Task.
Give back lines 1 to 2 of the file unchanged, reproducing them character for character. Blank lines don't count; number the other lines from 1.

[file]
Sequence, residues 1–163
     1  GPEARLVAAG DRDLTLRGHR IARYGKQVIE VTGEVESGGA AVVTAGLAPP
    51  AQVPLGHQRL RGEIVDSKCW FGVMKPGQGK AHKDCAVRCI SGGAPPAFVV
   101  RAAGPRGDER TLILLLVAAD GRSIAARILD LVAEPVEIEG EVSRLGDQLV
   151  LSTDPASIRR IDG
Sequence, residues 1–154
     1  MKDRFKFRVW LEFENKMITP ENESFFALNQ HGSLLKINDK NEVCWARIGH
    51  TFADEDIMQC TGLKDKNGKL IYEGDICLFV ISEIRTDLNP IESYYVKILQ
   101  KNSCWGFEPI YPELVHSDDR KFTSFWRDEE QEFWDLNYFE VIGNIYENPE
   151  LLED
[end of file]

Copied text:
Sequence, residues 1–163
     1  GPEARLVAAG DRDLTLRGHR IARYGKQVIE VTGEVESGGA AVVTAGLAPP